Songs of 74: She / Charles Aznavour

This year Radioinfo will take you back 50 years to the songs that were released in 1974. It was a mighty fine year for music.

I have again changed my song selection as the events yesterday at Bondi Westfield are weighing heavily on my mind.

Charles Aznavour was born in Paris 100 years ago next month. His parents were Armenian immigrants who had a restaurant that was a hang out for actors and musicians. They and the environment he was surrounded by led him to drop out of school at age 9 to focus on music, and dancing.

I had no idea of the background of this remarkable man. During WWII his family hid Armenians and Jews in their Paris flat and Charles and his sister Aida were part of rescue activities. His 1972 song “Comme ils disent”, which was called “What makes a man” in English was written to support the LGBTIQ+ community and his involvement through his charity after the 1988 Armenian earthquake saw him receive in 2004 the nation’s highest award, becoming the National Hero of Armenia.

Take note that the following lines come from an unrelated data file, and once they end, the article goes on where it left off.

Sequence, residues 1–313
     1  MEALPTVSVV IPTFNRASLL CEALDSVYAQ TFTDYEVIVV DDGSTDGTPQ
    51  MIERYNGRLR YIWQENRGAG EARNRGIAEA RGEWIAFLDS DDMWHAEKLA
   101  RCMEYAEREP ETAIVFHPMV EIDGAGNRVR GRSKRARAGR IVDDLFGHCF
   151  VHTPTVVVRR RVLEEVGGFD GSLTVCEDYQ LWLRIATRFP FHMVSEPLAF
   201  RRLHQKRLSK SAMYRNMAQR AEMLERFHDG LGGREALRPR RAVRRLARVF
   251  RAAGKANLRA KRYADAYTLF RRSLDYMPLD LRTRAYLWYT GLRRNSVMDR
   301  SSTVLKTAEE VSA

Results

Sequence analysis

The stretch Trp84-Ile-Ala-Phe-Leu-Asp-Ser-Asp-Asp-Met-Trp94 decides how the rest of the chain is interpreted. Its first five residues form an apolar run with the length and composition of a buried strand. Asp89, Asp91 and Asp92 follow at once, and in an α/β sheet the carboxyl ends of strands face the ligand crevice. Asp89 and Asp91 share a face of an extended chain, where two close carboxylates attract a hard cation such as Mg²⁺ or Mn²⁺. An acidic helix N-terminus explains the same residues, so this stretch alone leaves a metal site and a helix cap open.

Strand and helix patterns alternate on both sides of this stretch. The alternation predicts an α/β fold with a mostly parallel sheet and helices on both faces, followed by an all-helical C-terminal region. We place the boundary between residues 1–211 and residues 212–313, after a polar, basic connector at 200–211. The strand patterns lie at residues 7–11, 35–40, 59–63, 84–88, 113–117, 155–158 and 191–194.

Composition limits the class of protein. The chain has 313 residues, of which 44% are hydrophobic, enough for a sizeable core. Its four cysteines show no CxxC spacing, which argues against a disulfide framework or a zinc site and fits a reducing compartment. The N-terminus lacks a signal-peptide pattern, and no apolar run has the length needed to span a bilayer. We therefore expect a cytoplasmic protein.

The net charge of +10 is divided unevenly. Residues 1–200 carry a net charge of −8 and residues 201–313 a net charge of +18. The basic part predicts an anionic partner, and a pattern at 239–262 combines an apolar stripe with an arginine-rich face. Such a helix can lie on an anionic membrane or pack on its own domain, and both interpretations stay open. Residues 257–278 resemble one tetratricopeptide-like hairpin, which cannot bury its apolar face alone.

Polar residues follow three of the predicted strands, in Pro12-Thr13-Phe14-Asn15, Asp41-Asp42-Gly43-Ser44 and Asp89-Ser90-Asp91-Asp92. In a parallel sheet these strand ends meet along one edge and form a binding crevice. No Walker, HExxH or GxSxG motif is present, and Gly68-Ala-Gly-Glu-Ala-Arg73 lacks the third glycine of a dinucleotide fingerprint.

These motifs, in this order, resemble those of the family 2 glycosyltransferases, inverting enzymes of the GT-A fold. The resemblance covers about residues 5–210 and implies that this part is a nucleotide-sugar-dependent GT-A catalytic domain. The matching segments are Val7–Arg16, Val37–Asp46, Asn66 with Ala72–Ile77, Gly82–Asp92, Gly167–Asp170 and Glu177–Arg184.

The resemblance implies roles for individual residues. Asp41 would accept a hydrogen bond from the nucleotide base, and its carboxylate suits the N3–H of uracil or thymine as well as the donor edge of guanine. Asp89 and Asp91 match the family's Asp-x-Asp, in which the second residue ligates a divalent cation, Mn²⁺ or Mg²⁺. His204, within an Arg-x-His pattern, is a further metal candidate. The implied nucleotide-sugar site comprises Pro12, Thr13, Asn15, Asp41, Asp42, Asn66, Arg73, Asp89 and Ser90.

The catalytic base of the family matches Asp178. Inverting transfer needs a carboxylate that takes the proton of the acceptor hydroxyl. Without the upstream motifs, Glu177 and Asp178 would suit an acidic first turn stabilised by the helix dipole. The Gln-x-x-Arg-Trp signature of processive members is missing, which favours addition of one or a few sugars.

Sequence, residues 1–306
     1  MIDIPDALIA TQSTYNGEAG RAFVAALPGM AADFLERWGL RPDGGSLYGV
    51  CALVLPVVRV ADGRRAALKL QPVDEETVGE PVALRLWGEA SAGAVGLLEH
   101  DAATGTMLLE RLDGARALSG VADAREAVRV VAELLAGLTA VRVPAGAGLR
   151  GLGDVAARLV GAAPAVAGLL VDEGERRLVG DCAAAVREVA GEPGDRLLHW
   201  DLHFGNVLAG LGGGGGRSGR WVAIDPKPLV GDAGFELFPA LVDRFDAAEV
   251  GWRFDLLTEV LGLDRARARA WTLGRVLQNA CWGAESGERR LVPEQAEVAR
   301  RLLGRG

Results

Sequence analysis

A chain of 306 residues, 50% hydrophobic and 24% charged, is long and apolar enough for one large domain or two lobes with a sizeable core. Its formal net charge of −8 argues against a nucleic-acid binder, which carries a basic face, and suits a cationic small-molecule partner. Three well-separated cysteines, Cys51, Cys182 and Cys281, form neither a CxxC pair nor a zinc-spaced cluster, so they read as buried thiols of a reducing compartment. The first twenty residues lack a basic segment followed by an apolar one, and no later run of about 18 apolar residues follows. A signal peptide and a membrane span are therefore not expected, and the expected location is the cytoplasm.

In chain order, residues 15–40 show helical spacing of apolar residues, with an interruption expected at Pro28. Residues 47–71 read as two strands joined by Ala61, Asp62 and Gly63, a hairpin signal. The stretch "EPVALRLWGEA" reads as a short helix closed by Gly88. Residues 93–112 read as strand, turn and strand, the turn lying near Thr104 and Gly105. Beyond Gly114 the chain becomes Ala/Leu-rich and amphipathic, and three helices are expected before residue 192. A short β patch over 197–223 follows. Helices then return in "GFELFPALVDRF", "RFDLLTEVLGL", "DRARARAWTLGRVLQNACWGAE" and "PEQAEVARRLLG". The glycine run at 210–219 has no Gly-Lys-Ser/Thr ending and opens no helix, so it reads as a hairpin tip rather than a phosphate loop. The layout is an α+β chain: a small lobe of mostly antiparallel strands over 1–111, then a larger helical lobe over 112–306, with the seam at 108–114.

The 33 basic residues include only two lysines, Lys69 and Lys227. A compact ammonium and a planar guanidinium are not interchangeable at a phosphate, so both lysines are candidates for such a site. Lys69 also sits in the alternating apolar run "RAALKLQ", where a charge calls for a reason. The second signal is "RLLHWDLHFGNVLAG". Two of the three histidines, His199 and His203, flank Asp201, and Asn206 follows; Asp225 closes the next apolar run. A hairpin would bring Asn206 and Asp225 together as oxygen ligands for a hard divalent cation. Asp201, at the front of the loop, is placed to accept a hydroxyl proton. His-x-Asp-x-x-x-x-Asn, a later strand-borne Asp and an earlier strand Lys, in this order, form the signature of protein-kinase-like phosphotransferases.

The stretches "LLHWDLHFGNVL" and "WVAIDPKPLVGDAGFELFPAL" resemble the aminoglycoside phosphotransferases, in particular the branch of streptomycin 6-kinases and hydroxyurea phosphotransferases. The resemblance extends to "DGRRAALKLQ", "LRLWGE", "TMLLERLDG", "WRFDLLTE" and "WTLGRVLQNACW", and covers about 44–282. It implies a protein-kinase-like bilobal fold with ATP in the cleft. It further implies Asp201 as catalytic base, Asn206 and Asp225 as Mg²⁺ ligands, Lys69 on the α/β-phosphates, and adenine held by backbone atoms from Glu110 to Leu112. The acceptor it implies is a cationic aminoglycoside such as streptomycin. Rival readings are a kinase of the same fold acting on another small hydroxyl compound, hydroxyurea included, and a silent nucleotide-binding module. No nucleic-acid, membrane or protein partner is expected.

When Aznavour was 20 he happened to open for Edith Piaf. Piaf encouraged him to focus on the singing and helped him with his voice. He began to write songs and unbelievably could speak and sing in English, French, Italian, Spanish, German, Russian, Armenian and Kabyle. This led to hits all over the world and, in the 60s a show at Carnegie Hall that was watched by Bob Dylan. Dylan (and many others) considered Aznavour one of the greatest artists of all time.

Aznavour was 50 when he wrote She with Herbert Kretzmer for a British TV show called Seven Faces of Woman. Herbert Kretzmer would go on to do the English language musical adaptation of Les Mis. Aznavour would also record She in French, Spanish, German and Italian. It was a UK No 1 and a relatively minor hit here.

In 1999 I sat in a cinema and watched superstar Julia Roberts open the movie Notting Hill accompanied by She. I thought it was Aznavour singing it and was astonished to find it was Elvis Costello! That version is amongst my favourites.

Charles Aznavour died in October 2018 aged 94. He toured and was vibrantly active in his charity work up until the September of that year.

I dedicate this song to NSW Police Inspector Amy Scott and to Ash Good, who did everything to save the life of her baby yesterday, and lost her own.

By Jen Seyderhelm – Radioinfo Writer, Editor and Music Trivia Buff.

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